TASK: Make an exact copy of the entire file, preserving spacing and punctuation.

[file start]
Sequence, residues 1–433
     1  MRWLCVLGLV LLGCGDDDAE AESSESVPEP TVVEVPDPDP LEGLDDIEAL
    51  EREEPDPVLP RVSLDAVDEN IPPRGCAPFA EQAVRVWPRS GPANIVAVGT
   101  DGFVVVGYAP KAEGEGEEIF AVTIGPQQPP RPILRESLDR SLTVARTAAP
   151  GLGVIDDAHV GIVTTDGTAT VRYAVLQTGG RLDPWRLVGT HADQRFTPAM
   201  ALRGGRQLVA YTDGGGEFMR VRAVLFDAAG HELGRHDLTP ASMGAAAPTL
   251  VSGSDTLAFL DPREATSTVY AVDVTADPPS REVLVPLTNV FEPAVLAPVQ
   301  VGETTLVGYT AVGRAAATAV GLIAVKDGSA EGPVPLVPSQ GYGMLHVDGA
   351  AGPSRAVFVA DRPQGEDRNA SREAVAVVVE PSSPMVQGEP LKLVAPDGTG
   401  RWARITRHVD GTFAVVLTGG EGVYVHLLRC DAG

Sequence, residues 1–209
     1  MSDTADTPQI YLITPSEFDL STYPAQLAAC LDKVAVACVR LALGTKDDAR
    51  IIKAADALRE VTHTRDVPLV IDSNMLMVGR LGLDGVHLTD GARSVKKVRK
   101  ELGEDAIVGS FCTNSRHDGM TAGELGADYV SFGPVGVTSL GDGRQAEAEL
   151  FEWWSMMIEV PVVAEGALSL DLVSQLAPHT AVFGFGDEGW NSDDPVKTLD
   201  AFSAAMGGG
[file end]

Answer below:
Sequence, residues 1–433
     1  MRWLCVLGLV LLGCGDDDAE AESSESVPEP TVVEVPDPDP LEGLDDIEAL
    51  EREEPDPVLP RVSLDAVDEN IPPRGCAPFA EQAVRVWPRS GPANIVAVGT
   101  DGFVVVGYAP KAEGEGEEIF AVTIGPQQPP RPILRESLDR SLTVARTAAP
   151  GLGVIDDAHV GIVTTDGTAT VRYAVLQTGG RLDPWRLVGT HADQRFTPAM
   201  ALRGGRQLVA YTDGGGEFMR VRAVLFDAAG HELGRHDLTP ASMGAAAPTL
   251  VSGSDTLAFL DPREATSTVY AVDVTADPPS REVLVPLTNV FEPAVLAPVQ
   301  VGETTLVGYT AVGRAAATAV GLIAVKDGSA EGPVPLVPSQ GYGMLHVDGA
   351  AGPSRAVFVA DRPQGEDRNA SREAVAVVVE PSSPMVQGEP LKLVAPDGTG
   401  RWARITRHVD GTFAVVLTGG EGVYVHLLRC DAG

Sequence, residues 1–209
     1  MSDTADTPQI YLITPSEFDL STYPAQLAAC LDKVAVACVR LALGTKDDAR
    51  IIKAADALRE VTHTRDVPLV IDSNMLMVGR LGLDGVHLTD GARSVKKVRK
   101  ELGEDAIVGS FCTNSRHDGM TAGELGADYV SFGPVGVTSL GDGRQAEAEL
   151  FEWWSMMIEV PVVAEGALSL DLVSQLAPHT AVFGFGDEGW NSDDPVKTLD
   201  AFSAAMGGG